“I played for the University of Calgary Dinos for five years and I had some of the best coaches around,” said Quinn, listing off a who’s who of top developers of talent including George Kingston, current Medicine Hat Tigers coach Willie Desjardins and current Portland Winter Hawks coach Mike Johnston who coached Quinn with the national team. “Even my old midget coach Dave Manning, he and I talk hockey all of the time — he actually coached this midget AAA team for about 10 years back in the ’70s and ’80s.”

He will also be flanked on the bench by some of Red Deer’s top hockey minds, including Ted Jardine, Rob Hammel, Al Prada, and Peter Freistadt.

It’s a long list of resources he will depend on to help steer this team towards an Alberta Major Midget Hockey League title.

“We’re looking at the mind set that we want to be one of the top teams in the league,” said Quinn. “That’s the attitude we’re starting with and that’s the attitude we are pushing on these kids — we want to be the best.”

l Other head coaches for the major programs are — Doug Young, Sutter Fund midget AAA female Chiefs; Rob Wallator, midget 15-year-old North Star Sports Chiefs; Gary Mahura, midget 15-year-old IROC Chiefs; Joey Engert, bantam AAA Rebels White; Myron Feser, bantam AAA Rebels Black; Mickey Girard, Sutter Fund Bantam AAA female Chiefs.

Just Posted

Chemical analysis may provide clues to cause of huge Red Deer industrial fire

Fire on April 17 caused $9 million in damage to oil and gas industrial building

New loonie reason to celebrate and educate: central Alberta LGBTQ community

The new LGBTQ2 loonie is a conversation starter and a reason to… Continue reading

C & E Trail property owner wants to use land as RV storage yard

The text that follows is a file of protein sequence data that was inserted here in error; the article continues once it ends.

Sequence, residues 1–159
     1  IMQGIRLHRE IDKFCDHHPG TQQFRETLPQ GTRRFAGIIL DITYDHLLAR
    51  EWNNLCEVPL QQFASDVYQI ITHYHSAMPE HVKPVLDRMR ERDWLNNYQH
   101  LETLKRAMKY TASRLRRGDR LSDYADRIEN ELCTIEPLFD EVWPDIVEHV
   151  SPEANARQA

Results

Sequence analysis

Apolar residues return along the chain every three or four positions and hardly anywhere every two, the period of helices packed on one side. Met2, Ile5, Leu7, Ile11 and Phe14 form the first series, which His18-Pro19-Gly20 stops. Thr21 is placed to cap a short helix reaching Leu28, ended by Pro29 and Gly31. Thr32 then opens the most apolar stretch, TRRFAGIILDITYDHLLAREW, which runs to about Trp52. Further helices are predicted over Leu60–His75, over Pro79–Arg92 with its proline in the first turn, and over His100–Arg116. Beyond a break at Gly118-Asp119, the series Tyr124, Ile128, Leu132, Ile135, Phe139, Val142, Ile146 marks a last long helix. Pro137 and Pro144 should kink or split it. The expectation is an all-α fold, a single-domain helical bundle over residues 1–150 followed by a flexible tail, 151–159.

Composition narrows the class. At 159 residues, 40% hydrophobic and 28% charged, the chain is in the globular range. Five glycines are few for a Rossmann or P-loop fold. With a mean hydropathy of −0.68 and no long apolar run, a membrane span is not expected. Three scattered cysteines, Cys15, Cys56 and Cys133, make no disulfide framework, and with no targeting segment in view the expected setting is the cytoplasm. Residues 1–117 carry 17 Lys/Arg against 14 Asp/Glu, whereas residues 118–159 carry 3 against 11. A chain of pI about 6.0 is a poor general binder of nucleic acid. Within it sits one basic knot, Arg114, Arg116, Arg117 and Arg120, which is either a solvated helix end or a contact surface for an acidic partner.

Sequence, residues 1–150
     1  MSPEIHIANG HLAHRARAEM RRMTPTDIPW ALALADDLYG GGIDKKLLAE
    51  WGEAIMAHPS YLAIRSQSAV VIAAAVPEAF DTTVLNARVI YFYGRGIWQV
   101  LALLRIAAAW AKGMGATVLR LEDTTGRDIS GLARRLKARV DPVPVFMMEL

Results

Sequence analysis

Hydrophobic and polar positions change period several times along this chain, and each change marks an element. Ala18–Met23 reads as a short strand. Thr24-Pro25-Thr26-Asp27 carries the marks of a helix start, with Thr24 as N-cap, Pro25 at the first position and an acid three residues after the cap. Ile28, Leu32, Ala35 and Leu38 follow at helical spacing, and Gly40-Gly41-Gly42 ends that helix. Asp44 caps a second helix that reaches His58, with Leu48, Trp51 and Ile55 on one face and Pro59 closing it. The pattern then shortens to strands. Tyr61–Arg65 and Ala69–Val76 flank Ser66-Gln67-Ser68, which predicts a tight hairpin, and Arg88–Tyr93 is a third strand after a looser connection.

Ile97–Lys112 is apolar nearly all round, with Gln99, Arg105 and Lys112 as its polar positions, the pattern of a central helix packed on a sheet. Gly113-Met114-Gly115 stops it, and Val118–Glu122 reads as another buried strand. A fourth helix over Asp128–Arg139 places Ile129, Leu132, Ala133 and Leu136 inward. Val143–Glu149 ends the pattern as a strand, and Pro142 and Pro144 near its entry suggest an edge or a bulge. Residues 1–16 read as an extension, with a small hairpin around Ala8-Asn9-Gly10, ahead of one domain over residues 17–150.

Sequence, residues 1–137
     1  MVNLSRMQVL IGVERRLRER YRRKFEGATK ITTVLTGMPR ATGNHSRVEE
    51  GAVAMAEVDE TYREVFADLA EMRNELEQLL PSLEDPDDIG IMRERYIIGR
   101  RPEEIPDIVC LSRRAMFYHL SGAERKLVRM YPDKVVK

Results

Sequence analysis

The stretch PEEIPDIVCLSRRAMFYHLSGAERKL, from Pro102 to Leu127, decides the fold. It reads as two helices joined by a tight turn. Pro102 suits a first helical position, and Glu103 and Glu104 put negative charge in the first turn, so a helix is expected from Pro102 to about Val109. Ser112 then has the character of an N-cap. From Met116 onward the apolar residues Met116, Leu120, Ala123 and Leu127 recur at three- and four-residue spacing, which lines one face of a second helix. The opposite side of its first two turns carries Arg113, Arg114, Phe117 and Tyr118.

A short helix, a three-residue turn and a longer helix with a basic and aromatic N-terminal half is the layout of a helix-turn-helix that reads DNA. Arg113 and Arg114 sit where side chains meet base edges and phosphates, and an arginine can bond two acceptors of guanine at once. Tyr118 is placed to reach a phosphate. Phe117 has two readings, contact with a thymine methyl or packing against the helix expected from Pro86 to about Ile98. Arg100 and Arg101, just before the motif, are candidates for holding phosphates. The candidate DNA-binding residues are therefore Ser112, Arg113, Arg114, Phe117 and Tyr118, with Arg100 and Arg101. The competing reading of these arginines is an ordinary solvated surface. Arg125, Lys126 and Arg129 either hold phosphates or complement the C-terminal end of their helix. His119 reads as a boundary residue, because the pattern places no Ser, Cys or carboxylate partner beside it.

Red Deer city council gives initial approval

Indigenous cultural centre needed in Red Deer

Urban Aboriginal Voices Society hosts annual community gathering

Red Deer youth recognized for his compassion

Blackfalds man dies after vehicle collision

MISSING: Joshua Arthur Sanford

37-year-old Ponoka man last seen on Tuesday morning

Inspired by a galaxy far, far away, these ‘Star Wars’ mementos could be yours forever

CHICAGO —The stuff of “Star Wars” —and there is unfortunately no better… Continue reading

Shoppers Drug Mart launches second online medical pot portal in Alberta

TORONTO — Medical cannabis users in Alberta can now get their therapeutic… Continue reading

Oh, yes! Nurse, Raptors look to finish series with Magic

DENVER — In response to an early call, Toronto coach Nick Nurse… Continue reading

Delay of game calls, goalie interference top worst rules for NHLers: survey

The pace and excitement of 3-on-3 overtime isn’t just a thrill for… Continue reading

Avengers get epic send-off at ‘Endgame’ world premiere

LOS ANGELES — There were more than a few sniffles from the… Continue reading

Writers’ Trust launches program pairing rising writers with established mentors

TORONTO — The Writers’ Trust has launched a program that gives five… Continue reading

Family: A potpourri of Easter egg hunts, music and politics

The election is a thing of the past. Albertans have spoken. They… Continue reading

Most Read